Walking in the Ardennes

Belgium, Luxembourg and the Ardennes

By Jeff Williams

Walking in the Ardennes covers 32 day walks between 2 and 24km and one multi-stage route, the Sentier du Nord. The Ardennes region in southern Belgium overlaps into Luxembourg and France and features rolling hills, deep valleys, rivers and wide reaches of forest. Walks take in WW2 battlefields, medieval castles, towns and villages.



walks can be done at any time of year; June and September are best as accommodation is open, crowds are unlikely and there is a good chance of decent weather


Belgium: Dinant, Spa, Bouillon, Malmedy and La Roche-en-Ardenne; Luxembourg: Clervaux


walks have no technical difficulties but vary considerably in length and height gain; no specialist equipment is required
Must See

Must See

the extraordinary and renowned habitat of the Hautes Fagnes; the cave systems at Han-sur-Lesse or Rochefort; Bouillon and its castle; the military museum at Diekirch in Luxembourg
6 Jun 2014
17.2 x 11.6 x 1.3cm
  • Overview

    Easily accessible from Calais, the Ardennes region of southeastern Belgium is a great destination for a family walking holiday. This beautiful area of beech and oak-forested hills also offers endless walking opportunities, suitable for a wide range of ages and abilities.

    Walking in the Ardennes describes 32 day walks based in five centres in Belgium: Bouillon, Spa, Malmedy, Dinant and La Roche-en-Ardenne, and one 68km long-distance route, the Sentier du Nord, divided into six manageable stages that traverse northern Luxembourg from Weiswampach to Diekirch. With numerous outdoor activities, including kayaking and mountain biking as well as the outstanding walking available, the Ardennes is a great destination for a family holiday.

    Located primarily in south-east Belgium but also stretching over the borders into northern Luxembourg and, to a lesser extent, north-east France, the Ardennes is a beautiful area of beech and oak forests, rolling green hills and deep, winding river valleys. It offers almost endless walking options and is packed with historic sites to visit including medieval castles and fortified farmhouses perched above attractive villages, as well as WWII museums and war relics situated alongside the routes. Military history enthusiasts will be especially enthralled.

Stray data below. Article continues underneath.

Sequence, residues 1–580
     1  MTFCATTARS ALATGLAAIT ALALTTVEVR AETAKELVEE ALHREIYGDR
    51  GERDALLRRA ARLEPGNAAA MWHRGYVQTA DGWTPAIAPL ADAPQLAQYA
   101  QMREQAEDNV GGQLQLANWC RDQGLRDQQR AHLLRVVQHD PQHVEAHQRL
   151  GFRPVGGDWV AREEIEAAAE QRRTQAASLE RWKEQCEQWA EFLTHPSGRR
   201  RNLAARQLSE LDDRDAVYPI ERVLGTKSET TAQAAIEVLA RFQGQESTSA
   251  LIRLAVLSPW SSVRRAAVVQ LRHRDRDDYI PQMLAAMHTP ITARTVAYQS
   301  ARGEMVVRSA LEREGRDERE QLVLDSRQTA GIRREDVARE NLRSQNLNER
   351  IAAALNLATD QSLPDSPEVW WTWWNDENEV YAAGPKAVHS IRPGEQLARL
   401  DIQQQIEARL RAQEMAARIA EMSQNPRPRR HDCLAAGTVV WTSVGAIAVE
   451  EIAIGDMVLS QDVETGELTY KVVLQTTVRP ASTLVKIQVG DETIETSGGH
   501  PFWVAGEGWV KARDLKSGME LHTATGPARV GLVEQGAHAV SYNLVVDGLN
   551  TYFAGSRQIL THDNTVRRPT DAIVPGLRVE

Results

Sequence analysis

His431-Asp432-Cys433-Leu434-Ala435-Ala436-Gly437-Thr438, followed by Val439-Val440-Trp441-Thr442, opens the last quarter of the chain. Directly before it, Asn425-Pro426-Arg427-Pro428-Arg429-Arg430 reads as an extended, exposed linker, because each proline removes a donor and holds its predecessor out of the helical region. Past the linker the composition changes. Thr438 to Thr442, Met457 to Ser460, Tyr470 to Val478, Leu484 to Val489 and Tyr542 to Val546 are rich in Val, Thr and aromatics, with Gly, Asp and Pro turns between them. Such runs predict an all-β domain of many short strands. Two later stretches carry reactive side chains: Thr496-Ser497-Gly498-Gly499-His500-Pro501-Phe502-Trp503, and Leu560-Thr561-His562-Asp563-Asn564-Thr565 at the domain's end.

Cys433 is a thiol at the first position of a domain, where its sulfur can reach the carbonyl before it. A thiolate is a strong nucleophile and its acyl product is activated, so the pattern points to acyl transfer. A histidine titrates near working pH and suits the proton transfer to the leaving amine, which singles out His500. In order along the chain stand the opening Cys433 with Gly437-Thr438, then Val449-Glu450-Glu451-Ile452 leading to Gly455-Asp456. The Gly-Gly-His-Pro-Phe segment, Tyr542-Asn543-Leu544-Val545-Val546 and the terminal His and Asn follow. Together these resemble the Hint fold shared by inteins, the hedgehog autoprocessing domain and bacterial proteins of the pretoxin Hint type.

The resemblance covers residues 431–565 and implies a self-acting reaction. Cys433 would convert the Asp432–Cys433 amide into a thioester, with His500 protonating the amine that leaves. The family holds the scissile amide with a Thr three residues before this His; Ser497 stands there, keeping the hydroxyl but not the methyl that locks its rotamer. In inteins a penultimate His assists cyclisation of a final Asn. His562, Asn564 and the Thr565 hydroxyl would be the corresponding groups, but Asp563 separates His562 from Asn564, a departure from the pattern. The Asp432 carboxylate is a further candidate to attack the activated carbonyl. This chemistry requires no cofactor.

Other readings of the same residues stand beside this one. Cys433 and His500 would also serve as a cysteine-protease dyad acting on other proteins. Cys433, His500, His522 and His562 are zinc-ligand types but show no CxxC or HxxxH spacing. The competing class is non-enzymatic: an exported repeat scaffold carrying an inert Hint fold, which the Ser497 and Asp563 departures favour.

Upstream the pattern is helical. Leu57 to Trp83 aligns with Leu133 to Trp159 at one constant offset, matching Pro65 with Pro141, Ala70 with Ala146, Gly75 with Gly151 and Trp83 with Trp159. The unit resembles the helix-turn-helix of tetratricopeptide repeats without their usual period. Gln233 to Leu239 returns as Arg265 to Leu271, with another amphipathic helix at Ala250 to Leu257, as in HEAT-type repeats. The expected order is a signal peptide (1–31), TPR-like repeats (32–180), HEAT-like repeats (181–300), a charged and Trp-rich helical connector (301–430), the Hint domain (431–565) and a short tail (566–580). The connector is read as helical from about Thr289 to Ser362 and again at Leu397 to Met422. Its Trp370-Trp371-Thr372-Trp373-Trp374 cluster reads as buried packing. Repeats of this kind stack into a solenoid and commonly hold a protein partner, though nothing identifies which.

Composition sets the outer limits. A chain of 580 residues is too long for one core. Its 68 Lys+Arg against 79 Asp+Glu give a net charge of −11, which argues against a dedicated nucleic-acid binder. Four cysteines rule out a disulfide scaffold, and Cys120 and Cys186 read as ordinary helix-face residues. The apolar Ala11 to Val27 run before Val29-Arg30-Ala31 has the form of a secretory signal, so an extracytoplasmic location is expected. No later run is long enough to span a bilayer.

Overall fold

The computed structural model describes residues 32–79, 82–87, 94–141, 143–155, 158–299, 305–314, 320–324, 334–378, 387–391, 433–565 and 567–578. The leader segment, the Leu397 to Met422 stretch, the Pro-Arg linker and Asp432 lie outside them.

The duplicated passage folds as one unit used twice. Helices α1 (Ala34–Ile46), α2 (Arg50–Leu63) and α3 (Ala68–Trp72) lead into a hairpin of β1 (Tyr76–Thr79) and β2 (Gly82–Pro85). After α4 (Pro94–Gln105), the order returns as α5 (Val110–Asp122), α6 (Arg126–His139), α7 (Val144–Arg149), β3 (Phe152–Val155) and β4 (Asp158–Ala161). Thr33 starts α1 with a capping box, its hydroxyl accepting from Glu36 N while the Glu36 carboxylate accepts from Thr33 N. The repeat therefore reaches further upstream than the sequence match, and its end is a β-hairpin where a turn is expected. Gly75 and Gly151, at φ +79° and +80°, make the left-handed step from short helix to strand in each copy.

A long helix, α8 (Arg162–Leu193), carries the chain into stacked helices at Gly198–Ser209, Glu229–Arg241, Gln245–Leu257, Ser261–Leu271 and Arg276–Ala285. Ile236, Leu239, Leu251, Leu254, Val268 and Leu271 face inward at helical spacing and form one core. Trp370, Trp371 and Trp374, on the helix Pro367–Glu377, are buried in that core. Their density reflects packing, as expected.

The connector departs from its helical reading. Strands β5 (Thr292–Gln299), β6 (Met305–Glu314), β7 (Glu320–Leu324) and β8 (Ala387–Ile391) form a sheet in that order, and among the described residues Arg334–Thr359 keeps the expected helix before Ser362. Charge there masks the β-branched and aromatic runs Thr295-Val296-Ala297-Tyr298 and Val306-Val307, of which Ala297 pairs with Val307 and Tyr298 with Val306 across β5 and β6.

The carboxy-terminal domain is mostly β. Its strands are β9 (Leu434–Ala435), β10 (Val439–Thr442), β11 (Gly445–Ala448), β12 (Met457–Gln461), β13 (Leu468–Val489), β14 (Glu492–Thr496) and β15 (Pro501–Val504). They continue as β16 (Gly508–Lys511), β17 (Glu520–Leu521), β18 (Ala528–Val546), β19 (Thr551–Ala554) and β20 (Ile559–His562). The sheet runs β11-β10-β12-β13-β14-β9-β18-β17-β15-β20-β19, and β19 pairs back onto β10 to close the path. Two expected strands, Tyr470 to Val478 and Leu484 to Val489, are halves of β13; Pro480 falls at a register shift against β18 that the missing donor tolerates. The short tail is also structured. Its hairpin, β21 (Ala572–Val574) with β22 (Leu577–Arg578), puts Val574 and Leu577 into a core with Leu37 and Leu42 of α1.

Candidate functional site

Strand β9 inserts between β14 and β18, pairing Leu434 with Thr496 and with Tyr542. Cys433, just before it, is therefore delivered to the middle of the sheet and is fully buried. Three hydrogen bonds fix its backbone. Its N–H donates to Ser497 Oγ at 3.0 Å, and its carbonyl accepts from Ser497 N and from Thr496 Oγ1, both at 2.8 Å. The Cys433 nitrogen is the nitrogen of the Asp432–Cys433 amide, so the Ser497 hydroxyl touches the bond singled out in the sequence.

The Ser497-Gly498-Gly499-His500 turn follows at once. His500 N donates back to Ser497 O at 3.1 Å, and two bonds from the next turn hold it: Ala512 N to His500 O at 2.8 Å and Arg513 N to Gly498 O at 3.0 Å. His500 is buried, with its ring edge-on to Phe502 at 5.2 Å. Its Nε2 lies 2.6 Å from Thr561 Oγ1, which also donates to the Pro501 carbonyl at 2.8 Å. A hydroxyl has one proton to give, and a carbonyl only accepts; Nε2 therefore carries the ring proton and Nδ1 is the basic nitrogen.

The walks described in this guidebook differ in distance and ascent but there are no large height gains and so the walking is all essentially straightforward. There is no difficulty grading system, and no special equipment is required; recommended gear is the same as would be used for countryside walking in the UK. On-road sections have been kept to a minimum. As such, the walking is suitable for a wide range of ages and abilities, and is perfect for all the family.

    • 32 day walks and one 68km route in 6 stages
    • information about the medieval castles, fortified farmhouses and WW2 relics found along the routes
    • practical advice on accommodation, food and drink, when to go and much more

  • Contents

    World War II and the Ardennes
    Plants and wildlife
    Food and drink
    Early guides to the Ardennes
    Scope of this guide
    Getting there
    When to visit
    Health and safety
    What to take
    The RAVeL network
    Using this guide
    1 Bouillon and the River Semois
    Walk 1 Bouillon to Sedan
    Walk 2 Corbion, Crêtes de Frahan, Rochehaut and Corbion
    Walk 3 Bouillon to Poupehan and back
    Walk 4 Vresse and Membre
    Walk 5 Bohan and the French frontier
    Walk 6 Dohan and the Semois
    Walk 7 L’Abbaye Notre-Dame d’Orval
    Walk 8 Herbeumont: Viaduct and château
    Walk 9 Herbeumont: Mortehan, viaduct and the château
    Walk 10 La Ramonette
    Walk 11 The Belvédère
    Walk 12 Arboretum and patriots’ memorial
    2 Spa
    Walk 13 Solwaster and the Statte stream
    Walk 14 Fagne de Malchamps
    Walk 15 Château de Franchimont
    Walk 16 L’Étang de Chawion and Lac de Warfaaz
    3 Hautes Fagnes, Malmédy and Stavelot
    Walk 17 An excursion in the Hautes Fagnes
    Walk 18 Kaiser Karl’s Bettstatt
    Walk 19 Cascade and canyon
    Walk 20 Château de Reinhardstein
    Walk 21 Stavelot, Coo and Trois Ponts triangle
    4 Dinant, the Meuse and the Lesse
    Walk 22 The Meuse and the Lesse